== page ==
Our report, No young person with cancer left out, looks at the impact of cancer on young people’s education, employment and training.
It is the third in a series of reports and follows No child with cancer left out (2012) and No teenager with cancer left out (2013). The report also builds on previous research – More than my illness (2010) and Counting the Costs of Cancer (2011).
For this report we spoke to 205 young people aged 16 to 24 about how cancer had affected them, using a survey, focus groups and face-to-face interviews.
Our report found a cancer diagnosis and treatment can have a significant impact on young people’s confidence, which can be a barrier to education, employment and training.
- Two thirds (67%) said they were worried about the impact cancer would have on their education while 74% were concerned about the impact it would have on future employment
- More than half (54%) of the young people said they were not fully confident about preparing for job interviews while 61% were concerned about how they should disclose the fact they had cancer on an application form
- 30% of young people in employment did not know what adjustments they were entitled to at work while 24% disagreed their employer had made necessary adjustments for them.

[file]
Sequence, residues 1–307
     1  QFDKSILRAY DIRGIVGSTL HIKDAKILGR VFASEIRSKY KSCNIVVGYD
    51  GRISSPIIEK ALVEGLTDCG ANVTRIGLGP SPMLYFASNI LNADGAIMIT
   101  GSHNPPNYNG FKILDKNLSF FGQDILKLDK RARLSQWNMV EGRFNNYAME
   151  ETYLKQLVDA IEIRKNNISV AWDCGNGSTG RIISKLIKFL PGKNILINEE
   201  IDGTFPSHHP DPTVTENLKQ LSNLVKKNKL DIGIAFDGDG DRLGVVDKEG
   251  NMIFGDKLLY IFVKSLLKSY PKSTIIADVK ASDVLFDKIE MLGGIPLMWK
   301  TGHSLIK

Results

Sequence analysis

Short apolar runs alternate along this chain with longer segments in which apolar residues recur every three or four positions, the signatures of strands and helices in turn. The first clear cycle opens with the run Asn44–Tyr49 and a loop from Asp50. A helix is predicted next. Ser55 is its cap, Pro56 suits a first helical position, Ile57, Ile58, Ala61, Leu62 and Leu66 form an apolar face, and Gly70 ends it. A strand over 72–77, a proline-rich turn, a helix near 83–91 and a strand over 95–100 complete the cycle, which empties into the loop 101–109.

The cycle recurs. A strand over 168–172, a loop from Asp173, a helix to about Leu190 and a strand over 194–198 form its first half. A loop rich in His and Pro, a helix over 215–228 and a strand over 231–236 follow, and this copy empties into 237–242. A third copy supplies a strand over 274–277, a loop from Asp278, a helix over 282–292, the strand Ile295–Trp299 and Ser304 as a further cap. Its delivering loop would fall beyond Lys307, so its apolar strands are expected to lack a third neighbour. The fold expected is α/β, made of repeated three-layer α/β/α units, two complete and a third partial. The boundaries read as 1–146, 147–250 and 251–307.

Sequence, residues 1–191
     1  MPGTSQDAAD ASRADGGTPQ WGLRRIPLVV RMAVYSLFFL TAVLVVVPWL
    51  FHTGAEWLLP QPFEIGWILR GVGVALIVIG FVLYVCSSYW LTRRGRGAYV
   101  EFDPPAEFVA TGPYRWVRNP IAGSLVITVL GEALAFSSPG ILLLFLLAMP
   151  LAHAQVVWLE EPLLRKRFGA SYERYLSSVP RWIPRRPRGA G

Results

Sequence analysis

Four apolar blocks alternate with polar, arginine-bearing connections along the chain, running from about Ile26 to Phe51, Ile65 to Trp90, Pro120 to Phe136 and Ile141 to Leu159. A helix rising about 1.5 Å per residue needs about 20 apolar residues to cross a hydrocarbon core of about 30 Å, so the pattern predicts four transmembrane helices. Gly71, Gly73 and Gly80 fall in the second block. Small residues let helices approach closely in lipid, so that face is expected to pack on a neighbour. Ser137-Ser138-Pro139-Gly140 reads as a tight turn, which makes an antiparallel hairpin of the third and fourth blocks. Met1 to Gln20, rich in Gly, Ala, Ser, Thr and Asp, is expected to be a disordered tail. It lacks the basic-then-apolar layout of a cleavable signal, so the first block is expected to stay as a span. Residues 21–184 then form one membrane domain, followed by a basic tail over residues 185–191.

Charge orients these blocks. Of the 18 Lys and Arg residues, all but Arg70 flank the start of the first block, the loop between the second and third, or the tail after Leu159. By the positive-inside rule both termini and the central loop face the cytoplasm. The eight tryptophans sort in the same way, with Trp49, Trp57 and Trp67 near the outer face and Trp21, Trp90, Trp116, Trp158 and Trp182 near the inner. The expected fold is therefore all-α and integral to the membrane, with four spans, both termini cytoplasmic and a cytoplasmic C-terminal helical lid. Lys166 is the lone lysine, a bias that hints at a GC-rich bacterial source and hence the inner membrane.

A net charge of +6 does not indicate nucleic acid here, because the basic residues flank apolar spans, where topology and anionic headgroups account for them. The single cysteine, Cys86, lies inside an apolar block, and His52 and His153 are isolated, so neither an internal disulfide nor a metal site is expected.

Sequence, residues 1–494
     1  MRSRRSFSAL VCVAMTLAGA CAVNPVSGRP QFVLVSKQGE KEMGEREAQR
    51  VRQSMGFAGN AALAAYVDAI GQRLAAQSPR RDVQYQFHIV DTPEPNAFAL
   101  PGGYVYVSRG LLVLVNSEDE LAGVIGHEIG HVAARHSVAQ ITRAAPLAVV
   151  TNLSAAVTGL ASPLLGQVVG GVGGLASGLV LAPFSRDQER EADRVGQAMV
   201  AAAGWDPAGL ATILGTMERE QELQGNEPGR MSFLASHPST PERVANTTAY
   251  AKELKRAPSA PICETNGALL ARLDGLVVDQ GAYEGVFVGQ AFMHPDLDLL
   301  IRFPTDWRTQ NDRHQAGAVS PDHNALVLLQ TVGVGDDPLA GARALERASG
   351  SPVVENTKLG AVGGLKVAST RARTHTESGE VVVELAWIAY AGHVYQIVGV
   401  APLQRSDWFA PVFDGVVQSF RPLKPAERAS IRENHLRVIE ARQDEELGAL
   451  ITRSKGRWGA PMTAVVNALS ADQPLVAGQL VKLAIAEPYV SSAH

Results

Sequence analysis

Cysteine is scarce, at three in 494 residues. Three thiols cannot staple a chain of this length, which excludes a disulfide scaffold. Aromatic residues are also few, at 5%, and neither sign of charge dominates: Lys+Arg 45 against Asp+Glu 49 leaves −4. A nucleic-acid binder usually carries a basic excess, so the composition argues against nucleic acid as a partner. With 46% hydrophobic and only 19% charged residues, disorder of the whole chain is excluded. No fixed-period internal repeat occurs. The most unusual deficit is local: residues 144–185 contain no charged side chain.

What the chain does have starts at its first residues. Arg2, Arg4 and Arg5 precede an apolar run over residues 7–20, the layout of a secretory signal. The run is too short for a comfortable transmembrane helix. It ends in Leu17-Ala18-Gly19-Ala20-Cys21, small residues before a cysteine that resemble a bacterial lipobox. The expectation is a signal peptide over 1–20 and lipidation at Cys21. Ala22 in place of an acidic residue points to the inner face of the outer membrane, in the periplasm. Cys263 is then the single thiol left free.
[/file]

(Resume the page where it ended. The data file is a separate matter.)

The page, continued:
For some young people, however, having cancer and going through treatment gave them a new perspective and new focus to achieve their ambitions.
What does CLIC Sargent do to help?
We provide information and support for young people to help them regain their confidence during and after cancer. We can help arrange work experience placements, speak to education providers and provide information and practical advice on finding employment.
CLIC Sargent Social Workers and Young People's Social Workers offer emotional, practical and financial support to young people, helping them take control of their lives.
The charity also introduced Young People’s Community Workers who are able to support young people within their own communities and help them build up the confidence to continue their education or get into employment.
We will use the findings from this report to help develop our services for young people, particularly within their own communities.
- Develop specialist information for post-16 education providers and employees
- Raise awareness of the rights of young people with cancer at work, school, college or university
- Continue to campaign with governments and policy makers to ensure young people who have experienced cancer receive the support they need to access education and employment
- Help more young people access work experience opportunities and provide more CV writing and interview advice.
How you can help
- Help us provide vital support to young people in education, employment and training through their cancer journey
- Enable us to expand our services for young people
- Help us share good practice with employers and education providers.